Cranchi 33 Endurance
33 Endurance — By Capt. Patrick Sciacca
— April 2003
|This Italian express cruiser matches eye-catching appearance with impressive performance.|
The Cranchi 33 Endurance, a sleek, blue-hulled express cruiser, generated some talk among attendees at last fall’s Fort Lauderdale International Boat Show for her streamlined profile, artistic centerline radar mast with arrow-shape top, and centerline helm station. Truly a different-looking boat, she was also reported to dart across the water like a flyingfish. So when I got the call to test her, I high-tailed it from New York to Fort Lauderdale to meet up with Cranchi’s U.S. representative James Clayton.
Prior to setting out for the test, Clayton took out a special plug-in tool that interfaced his laptop to one of the standard 300-hp Volvo Penta KAD300 electronic (EDC) stern drive diesels, which would allow us to record our boat’s fuel-flow data. To access the engines, Clayton flicked a switch next to the aft sunpad, and a hydraulic ram lifted it to reveal the powerplants. Even with the sunpad up, I found twisting and contorting necessary to get into the engine compartment. However, once I was in there, all regular maintenance items were accessible.
Clayton took his position at the helm station, which is fitted with a burlwood dash; analog gauges that show fuel levels, trim position, engine and oil temperature; and a standard Raymarine Raychart 530 Plus with seven-inch display. I made my way forward to release the bow line and found the side decks were tight for my 101⁄2-size feet. I’d have been better served accessing the foredeck from underneath, via the hatch in the middle of the foredeck.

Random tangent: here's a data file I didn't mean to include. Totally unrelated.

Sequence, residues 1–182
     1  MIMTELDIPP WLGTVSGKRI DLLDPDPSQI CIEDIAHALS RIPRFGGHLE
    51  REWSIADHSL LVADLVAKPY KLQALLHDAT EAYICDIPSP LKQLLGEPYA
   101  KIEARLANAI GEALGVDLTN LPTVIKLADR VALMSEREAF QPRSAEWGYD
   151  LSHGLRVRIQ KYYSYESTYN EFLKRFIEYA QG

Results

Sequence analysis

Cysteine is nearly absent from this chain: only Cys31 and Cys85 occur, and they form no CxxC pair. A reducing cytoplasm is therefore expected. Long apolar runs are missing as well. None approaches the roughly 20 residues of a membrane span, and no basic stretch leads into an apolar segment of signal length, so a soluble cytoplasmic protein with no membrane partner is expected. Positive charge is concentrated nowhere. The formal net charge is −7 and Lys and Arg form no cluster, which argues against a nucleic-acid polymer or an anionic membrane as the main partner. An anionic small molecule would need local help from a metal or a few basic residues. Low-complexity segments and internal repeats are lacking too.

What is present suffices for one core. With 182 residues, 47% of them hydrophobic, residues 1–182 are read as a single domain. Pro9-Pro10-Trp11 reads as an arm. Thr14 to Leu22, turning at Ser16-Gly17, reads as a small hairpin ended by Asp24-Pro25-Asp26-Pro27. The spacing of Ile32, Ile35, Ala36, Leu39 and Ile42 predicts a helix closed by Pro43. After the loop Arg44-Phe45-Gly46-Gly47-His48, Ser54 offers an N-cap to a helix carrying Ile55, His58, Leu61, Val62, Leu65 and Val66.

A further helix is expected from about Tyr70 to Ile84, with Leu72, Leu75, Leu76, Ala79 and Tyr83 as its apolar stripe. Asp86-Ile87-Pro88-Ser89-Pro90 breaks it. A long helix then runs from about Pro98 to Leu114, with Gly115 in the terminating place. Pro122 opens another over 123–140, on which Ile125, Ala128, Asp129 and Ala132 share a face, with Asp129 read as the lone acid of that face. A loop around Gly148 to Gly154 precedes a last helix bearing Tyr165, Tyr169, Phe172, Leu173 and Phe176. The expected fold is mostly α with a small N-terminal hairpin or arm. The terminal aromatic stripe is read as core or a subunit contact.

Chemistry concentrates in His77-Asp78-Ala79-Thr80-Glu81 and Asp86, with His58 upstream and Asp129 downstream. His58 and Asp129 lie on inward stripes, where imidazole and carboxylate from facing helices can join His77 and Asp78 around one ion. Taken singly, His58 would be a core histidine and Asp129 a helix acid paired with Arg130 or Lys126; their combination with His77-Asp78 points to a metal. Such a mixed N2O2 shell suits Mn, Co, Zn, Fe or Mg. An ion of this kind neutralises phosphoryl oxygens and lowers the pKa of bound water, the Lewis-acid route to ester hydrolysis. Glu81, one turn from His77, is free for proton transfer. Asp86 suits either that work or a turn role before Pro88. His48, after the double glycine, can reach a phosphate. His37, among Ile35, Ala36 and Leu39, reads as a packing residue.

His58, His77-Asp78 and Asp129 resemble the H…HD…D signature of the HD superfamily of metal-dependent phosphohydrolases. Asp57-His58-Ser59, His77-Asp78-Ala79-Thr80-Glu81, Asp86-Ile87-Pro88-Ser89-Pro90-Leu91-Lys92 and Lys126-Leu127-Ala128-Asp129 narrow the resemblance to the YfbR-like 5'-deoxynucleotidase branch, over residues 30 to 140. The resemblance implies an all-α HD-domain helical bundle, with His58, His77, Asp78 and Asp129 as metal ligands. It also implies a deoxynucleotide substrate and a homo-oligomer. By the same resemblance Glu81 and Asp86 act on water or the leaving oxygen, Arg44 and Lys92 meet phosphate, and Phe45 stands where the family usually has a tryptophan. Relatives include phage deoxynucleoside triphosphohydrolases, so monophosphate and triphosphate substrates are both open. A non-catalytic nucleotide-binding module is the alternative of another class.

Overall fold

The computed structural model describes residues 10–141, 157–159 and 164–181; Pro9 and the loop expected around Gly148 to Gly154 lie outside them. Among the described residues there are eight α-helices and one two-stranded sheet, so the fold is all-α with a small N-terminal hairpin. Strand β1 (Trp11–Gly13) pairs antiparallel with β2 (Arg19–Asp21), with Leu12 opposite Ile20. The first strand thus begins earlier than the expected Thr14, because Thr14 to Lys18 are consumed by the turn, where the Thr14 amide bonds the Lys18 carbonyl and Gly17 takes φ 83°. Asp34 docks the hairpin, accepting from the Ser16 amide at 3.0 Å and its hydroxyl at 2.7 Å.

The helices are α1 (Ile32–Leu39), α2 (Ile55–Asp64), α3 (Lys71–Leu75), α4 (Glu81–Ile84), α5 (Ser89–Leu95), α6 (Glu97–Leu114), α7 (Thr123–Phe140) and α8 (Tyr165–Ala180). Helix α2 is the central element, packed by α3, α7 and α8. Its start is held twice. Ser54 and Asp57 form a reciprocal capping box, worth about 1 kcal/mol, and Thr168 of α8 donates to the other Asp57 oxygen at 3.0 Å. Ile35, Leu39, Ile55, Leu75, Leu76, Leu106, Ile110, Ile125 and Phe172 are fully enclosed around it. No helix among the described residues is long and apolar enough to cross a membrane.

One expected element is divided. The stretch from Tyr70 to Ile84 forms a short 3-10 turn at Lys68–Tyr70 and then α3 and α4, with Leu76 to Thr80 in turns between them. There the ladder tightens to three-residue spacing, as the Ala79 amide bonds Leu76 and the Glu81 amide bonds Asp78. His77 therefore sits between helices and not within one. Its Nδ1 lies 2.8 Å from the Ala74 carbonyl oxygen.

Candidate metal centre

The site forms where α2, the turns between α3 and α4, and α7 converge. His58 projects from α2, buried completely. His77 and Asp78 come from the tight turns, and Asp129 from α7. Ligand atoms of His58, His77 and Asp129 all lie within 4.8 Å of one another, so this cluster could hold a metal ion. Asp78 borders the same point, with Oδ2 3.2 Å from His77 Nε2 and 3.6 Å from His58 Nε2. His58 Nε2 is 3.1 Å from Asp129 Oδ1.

Clayton started the engines, which were coupled to Volvo Penta’s own Duoprop drives (aka DP-Gs), eased the optional ($2,761) Volvo Penta bow thruster to starboard, and pushed the Volvo Penta single-lever electronic controls forward. As we motored towards the ocean, Clayton handed me the wheel, and I felt the 33’s Teleflex responsive power-assisted hydraulic steering (I’d later find out it was just as good operating at high speeds) and the Volvo Penta controls comfortably under my right palm. The centerline helm made it easy to determine the boat’s position in relation to nearby bulkheads and other boats, which made close-quarter handling a breeze.
Clayton took back the wheel as I readied my own test gear. The sea was tabletop flat, so he firewalled the diesels, and we took off with exhilarating force. The 33’s Volvo Penta Duoprop stern-drive propulsion offered superb directional thrust, making all turns immediate and purposeful.
I was gaining confidence in the 33’s abilities as we prepared to check her speed, and Clayton wanted to demonstrate her outstanding turning abilities. I’d estimate our boat speed at around 30-plus mph as Clayton turned the wheel hard-over to port. The turn was sharp, and it felt like I was on a roller coaster at Disney World. She handled it brilliantly. That turn was so much fun, it was criminal.
Everything was going according to plan, until I asked Clayton if the boat could make that turn at WOT. Although as a boat tester I’m always looking to find a boat’s strengths and limits, sometimes the envelope gets pushed too hard. The two of us discussed the maneuver and braced ourselves--at least we thought we did. Clayton pushed the Volvo Penta electronic controls full forward, and as the boat reached 47 mph, he put the wheel hard-over to port, and suddenly the 33 heaved to starboard and snapped back to port. I had a what-were-we-thinking moment and vowed to not repeat that turn again.
This article originally appeared in the March 2003 issue of Power & Motoryacht magazine.